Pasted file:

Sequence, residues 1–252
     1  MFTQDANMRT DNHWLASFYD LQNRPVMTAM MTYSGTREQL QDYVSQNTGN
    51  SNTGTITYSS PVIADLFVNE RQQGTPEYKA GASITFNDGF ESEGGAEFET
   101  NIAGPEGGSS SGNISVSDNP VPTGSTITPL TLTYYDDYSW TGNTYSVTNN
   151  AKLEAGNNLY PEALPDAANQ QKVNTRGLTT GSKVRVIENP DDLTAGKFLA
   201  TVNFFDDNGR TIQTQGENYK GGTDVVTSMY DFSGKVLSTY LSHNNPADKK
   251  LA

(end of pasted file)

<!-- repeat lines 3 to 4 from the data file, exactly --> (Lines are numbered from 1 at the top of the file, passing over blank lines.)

    51  SNTGTITYSS PVIADLFVNE RQQGTPEYKA GASITFNDGF ESEGGAEFET
   101  NIAGPEGGSS SGNISVSDNP VPTGSTITPL TLTYYDDYSW TGNTYSVTNN